Languages: Norwegian (N), English (QN). Studied Ancient Greek (MA), Linguistics (MA), Latin (BA), German (BA). Italian at A2/B1 level. Learning: French, Japanese, Russian (focus) and various others, like Polish, Spanish, Vietnamese, and anything that comes my way. Also know some Sanskrit (but not the script) and Coptic. Really want to learn Arabic and Amharic.
Language Log: https://forum.language-learners.org/vie ... =15&t=7497
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Re: Philipp's Super Challenge Log

Postby Mista » Tue Jun 12, 2018 9:45 pm

Not really, but that's just because I don't have a good overview of Norwegian learning materials. I know where to look for them, though, so I can check it out next time I'm in a decent book store.
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Philipp
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Re: Philipp's Super Challenge Log

Postby Philipp » Wed Jun 13, 2018 9:34 am

Tusen takk, men bare hvis det ikke for mye bry for deg er.

I hope the word order is correct, I formulated the sentence like I would in German.
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Mista
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Posts: 272
Joined: Wed May 11, 2016 11:03 pm
Location: Norway
Languages: Norwegian (N), English (QN). Studied Ancient Greek (MA), Linguistics (MA), Latin (BA), German (BA). Italian at A2/B1 level. Learning: French, Japanese, Russian (focus) and various others, like Polish, Spanish, Vietnamese, and anything that comes my way. Also know some Sanskrit (but not the script) and Coptic. Really want to learn Arabic and Amharic.
Language Log: https://forum.language-learners.org/vie ... =15&t=7497
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Re: Philipp's Super Challenge Log

Postby Mista » Wed Jun 13, 2018 3:07 pm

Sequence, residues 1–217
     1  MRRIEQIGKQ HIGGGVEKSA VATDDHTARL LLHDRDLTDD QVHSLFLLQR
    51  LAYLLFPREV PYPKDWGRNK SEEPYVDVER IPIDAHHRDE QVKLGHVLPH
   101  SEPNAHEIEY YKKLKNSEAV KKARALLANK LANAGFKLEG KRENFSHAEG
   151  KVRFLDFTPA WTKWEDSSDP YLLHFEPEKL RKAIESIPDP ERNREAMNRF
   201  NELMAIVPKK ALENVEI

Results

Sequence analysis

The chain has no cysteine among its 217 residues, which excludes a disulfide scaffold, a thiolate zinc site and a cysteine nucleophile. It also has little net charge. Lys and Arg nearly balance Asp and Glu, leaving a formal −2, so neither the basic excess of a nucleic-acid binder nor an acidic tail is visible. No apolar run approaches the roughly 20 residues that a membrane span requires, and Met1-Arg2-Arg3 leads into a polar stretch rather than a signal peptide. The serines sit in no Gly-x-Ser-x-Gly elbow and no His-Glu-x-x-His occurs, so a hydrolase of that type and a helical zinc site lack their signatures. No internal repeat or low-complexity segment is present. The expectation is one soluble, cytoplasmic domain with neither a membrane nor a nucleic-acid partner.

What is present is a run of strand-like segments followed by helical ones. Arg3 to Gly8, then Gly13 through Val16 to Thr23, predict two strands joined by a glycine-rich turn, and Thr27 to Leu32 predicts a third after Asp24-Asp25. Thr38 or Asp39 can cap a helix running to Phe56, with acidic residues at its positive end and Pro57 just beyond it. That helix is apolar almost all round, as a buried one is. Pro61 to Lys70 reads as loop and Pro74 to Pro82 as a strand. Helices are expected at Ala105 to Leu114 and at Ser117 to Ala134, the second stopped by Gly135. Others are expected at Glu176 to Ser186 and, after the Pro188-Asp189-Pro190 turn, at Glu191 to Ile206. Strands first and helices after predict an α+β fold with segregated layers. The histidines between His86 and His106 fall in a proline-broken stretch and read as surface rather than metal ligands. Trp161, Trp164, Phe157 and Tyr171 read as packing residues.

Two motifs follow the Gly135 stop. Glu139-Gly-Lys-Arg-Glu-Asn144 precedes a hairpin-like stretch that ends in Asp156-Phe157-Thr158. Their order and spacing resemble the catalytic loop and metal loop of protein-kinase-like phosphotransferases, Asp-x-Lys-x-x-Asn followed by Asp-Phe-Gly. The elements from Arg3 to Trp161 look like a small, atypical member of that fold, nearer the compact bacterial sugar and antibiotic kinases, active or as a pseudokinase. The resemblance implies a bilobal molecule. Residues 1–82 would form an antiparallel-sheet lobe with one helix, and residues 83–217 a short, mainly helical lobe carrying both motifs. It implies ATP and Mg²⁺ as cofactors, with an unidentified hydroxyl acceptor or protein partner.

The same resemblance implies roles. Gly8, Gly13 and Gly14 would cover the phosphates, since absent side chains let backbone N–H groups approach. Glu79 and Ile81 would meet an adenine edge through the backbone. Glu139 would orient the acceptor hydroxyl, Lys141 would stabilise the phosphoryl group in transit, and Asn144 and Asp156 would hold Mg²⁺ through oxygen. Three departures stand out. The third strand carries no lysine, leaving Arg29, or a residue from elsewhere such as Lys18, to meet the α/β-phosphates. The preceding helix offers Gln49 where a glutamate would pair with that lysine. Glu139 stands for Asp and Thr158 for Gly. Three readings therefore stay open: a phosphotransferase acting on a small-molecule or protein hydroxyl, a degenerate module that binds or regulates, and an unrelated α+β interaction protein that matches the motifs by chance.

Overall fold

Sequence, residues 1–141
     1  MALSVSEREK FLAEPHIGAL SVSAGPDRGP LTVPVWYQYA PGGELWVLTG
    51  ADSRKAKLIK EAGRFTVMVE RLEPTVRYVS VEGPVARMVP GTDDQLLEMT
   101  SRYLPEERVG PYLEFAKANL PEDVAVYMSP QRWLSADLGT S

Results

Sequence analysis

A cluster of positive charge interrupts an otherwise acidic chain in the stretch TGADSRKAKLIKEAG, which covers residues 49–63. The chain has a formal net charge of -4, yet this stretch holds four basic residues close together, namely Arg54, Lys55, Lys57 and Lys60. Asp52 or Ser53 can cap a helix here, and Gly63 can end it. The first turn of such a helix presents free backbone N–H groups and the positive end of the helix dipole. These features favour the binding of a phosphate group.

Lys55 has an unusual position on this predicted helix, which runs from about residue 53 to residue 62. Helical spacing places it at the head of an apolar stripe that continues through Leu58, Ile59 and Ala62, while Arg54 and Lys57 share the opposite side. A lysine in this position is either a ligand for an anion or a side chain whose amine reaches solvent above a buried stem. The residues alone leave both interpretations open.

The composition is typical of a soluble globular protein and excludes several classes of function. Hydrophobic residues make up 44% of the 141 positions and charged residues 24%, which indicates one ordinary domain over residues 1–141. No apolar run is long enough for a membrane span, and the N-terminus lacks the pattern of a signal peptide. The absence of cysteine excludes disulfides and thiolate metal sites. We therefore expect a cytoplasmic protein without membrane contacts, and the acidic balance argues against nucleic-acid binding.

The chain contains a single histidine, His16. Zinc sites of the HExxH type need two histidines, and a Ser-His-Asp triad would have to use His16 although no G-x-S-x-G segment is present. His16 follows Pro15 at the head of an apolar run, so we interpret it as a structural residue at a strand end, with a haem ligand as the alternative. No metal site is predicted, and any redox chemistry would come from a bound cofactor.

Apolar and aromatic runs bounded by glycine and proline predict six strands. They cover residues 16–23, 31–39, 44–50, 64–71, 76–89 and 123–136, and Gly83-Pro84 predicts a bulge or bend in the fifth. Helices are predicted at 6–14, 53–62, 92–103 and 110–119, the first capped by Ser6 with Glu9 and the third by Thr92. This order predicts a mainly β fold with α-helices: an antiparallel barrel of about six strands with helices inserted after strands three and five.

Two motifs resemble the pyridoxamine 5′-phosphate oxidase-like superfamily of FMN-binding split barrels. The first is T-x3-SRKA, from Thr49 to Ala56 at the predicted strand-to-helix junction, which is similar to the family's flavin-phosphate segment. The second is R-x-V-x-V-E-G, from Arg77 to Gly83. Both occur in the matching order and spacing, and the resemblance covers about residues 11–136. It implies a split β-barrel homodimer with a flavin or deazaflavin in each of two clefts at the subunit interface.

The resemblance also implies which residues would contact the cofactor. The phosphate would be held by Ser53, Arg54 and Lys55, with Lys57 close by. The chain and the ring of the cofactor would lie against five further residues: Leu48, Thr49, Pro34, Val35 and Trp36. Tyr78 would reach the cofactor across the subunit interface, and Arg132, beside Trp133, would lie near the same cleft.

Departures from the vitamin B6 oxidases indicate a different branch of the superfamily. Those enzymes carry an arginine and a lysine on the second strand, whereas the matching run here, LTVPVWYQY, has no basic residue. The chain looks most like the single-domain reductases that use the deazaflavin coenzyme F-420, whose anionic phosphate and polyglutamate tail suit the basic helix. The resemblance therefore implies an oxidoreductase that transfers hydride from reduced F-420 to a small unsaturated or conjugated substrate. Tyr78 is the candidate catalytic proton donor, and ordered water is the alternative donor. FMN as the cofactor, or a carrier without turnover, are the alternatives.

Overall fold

Philipp wrote:Tusen takk, men bare hvis det ikke for mye bry for deg er.

I hope the word order is correct, I formulated the sentence like I would in German.


German word order will get you far, but one noticable difference is the position of the verbs. This is actually quite complicated in Norwegian and one of the most difficult things to master, but the main rules are:

1. The finite verb of the main clause goes in second position (just like in German) - the so-called V2-rule. In the otherwise very strict word order, you can put just about anything in the first posistion, but if the subject isn't there, it will have to come AFTER the verb (again, just like in German),

2. Any dependent verbs in the main clause (infinitives or participles) normally come immediately after the finite verb, but there are two types of constituents that can come between the finite and infinite verbs: a) the subject, if it isn't before the verb, and b) sentence adverbials, typically negations

3. Subordinate clauses, unfortunately, follow different rules. It is also much more strict (the basic structure is the only structure, i.e. the subject always comes first). The difference from the basic structure of a main clause is that the sentence adverbial comes BEFORE the finite verb. So you get hvis det ikke er for mye bry, while in a main clause, you would say Det er ikke for mye bry - or alternatively, For mye bry er det ikke, though you would need a special context to make that emphasis make sense.

And it really isn't too much trouble. I have a fatal attraction towards the language sections of my favorite book stores anyway, so I might as well do something useful while I'm there. I've already bought enough language books to last me a lifetime :lol: